The world’s largest gathering of urologists, the annual meeting of the American Urological Association, offered an array of information relevant to those who practice in the community setting.OncLive
was on site during the meeting, held May 16-21 in Orlando, Florida, to cover presentations of data from recent research studies, as well as in-depth courses teaching urologists to pursue a variety of new paths in their day-to-day practice.
This month, we present that coverage both in OncLive
and in a dedicated Meeting Reporter.
Covered in these publications is a study demonstrating that carefully trained German shepherds are able to detect prostate cancer with 99% accuracy by sniffing men’s urine samples. Also in the area of prostate cancer, we offer information about a new way of examining prostate-specific antigen dynamics to determine when the disease is likely turn aggressive; data on the success of intermittent dosing of the gonadotropin-releasing hormone antagonist degarelix (Firmagon); and the addition of recommendations for the use of radiopharmaceutical radium-223 to the AUA’s guideline for the treatment of metastatic castration-resistant prostate cancer.
The AUA meeting also offered a plethora of information about other diseases treated by community urologists. Here, we summarize studies that considered the cost-effectiveness of testicular self-examinations; the use of a cell-cycle gene array test to predict metastatic progression of renal cell carcinoma after surgery; and the value of physical activity in preventing death from bladder cancer.
In separate conference coverage, we offer articles about some of the most intriguing genitourinary-related presentations made at the May 30-June 2 annual meeting of the American Society of Clinical Oncology—including data showing a nearly unprecedented increase in median survival for men with newly diagnosed metastatic, hormone-sensitive prostate cancer when chemotherapy was added to standard hormone therapy.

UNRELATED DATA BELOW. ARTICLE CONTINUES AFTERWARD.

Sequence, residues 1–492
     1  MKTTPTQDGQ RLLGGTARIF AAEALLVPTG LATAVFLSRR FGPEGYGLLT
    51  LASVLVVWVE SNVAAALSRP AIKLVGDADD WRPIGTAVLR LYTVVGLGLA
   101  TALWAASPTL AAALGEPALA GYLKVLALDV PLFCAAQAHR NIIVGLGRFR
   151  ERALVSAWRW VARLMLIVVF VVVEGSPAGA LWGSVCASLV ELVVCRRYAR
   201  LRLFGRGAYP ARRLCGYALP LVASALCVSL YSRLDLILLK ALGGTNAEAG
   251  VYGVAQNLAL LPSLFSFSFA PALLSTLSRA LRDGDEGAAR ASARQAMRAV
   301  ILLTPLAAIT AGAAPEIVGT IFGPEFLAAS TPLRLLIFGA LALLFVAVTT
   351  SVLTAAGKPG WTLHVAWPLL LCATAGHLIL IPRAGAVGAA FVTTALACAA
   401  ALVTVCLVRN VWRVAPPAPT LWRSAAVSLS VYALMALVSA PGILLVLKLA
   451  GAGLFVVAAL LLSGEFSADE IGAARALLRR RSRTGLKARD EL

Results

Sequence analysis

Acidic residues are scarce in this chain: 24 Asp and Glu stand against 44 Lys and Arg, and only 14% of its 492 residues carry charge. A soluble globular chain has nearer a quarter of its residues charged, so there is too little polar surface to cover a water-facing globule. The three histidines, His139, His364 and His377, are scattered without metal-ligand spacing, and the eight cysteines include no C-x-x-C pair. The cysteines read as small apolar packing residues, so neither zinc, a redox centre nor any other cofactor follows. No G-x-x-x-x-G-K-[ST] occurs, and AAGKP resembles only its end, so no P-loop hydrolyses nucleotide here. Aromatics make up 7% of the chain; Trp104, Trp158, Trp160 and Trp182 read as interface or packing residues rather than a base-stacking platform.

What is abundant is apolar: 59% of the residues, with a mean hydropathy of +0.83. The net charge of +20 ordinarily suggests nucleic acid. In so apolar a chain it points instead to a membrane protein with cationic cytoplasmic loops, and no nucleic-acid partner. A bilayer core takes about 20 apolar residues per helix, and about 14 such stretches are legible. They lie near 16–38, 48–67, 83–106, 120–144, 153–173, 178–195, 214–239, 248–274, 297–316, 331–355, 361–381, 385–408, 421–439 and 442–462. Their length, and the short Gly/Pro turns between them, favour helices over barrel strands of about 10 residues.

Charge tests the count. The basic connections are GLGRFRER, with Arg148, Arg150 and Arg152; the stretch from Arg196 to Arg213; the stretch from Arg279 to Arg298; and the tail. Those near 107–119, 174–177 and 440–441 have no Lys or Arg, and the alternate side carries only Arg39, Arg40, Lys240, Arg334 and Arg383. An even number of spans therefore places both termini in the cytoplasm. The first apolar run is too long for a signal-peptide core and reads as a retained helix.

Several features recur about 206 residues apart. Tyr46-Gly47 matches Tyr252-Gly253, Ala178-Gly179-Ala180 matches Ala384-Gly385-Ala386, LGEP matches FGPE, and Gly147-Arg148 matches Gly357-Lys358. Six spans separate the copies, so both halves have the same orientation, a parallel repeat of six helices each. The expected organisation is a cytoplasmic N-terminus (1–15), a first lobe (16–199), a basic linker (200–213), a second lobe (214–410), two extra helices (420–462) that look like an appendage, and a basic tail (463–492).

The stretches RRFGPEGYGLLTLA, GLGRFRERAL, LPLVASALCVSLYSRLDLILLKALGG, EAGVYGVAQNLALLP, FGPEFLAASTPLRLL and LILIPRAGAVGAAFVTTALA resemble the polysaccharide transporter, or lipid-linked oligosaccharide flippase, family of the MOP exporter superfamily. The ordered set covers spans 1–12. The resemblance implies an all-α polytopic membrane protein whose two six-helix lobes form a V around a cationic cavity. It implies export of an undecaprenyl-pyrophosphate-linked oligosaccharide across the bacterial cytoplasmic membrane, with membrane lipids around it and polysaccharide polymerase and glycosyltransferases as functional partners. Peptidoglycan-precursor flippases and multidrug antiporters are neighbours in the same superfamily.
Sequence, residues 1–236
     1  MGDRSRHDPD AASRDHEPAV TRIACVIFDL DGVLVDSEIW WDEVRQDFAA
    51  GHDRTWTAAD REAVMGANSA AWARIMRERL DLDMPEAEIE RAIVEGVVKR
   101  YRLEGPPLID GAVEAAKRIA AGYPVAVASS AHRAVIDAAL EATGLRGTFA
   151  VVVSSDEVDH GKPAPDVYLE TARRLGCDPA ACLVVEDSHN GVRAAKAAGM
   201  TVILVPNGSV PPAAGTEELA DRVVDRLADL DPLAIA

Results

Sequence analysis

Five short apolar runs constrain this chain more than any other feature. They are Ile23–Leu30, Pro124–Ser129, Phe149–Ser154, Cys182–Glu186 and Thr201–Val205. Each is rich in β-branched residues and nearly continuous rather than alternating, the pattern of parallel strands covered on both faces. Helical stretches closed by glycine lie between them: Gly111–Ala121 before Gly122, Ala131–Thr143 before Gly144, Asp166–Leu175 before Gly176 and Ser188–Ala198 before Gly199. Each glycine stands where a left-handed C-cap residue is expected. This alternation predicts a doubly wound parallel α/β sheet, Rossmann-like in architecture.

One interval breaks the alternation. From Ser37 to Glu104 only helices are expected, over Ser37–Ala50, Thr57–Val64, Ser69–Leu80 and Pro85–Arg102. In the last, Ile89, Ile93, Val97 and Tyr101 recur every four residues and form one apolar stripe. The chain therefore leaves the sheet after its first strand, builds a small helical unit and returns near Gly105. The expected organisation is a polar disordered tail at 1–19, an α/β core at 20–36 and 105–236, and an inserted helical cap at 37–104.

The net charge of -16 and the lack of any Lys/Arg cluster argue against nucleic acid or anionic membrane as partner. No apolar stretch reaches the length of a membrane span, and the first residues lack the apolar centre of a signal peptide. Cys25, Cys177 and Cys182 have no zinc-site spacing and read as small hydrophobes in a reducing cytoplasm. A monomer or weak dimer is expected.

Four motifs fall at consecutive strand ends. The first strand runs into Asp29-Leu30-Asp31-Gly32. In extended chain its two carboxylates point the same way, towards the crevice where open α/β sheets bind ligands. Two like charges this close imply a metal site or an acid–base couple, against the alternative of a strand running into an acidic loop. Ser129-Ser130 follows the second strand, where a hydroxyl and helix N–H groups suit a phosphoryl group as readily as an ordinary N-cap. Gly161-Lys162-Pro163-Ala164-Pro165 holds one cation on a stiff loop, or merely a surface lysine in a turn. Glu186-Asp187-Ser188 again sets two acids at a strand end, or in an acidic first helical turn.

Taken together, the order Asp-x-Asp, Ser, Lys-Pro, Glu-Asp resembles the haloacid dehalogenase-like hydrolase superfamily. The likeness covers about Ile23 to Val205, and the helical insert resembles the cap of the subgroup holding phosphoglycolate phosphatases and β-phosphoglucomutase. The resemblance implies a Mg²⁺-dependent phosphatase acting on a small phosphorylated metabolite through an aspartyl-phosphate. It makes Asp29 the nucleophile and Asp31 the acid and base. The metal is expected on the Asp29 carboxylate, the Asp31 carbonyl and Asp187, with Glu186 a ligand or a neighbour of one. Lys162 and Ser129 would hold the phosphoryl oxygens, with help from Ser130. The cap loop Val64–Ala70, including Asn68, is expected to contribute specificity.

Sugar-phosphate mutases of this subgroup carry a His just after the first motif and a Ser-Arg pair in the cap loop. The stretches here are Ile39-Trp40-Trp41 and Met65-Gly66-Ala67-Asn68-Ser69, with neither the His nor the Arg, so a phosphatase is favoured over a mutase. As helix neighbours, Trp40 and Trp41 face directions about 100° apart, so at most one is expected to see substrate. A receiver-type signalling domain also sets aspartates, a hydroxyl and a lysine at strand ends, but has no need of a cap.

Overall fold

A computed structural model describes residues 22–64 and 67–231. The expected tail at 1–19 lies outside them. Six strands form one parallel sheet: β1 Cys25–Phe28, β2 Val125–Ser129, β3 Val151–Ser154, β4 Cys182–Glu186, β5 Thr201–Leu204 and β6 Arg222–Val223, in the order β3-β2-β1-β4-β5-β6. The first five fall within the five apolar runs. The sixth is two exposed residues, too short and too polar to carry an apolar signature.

Elsewhere, we focus on the ongoing quest to understand how best to combine and/or sequence treatments for prostate cancer—in part through a physician-authored column on radium-223. Further, we offer a look at novel imaging techniques for use in patients with prostate cancer; a discussion of how to treat the side effects of androgen-deprivation therapy; a primer on how to launch an advanced prostate cancer clinic; and insights into how to use social media as a marketing tool for large urology group practices.
We also have a profile on the life’s work of Lawrence H. Einhorn, MD, who helped develop a cure for testicular cancer. For his contributions, Dr. Einhorn was named one of OncLive’s Giants of Cancer Care in 2013.
We hope this array of information reflecting the constant evolution of genitourinary cancer care provides strategies our readers can apply immediately, in addition to an understanding of promising new tactics in the pipeline.
As always, thank you for reading.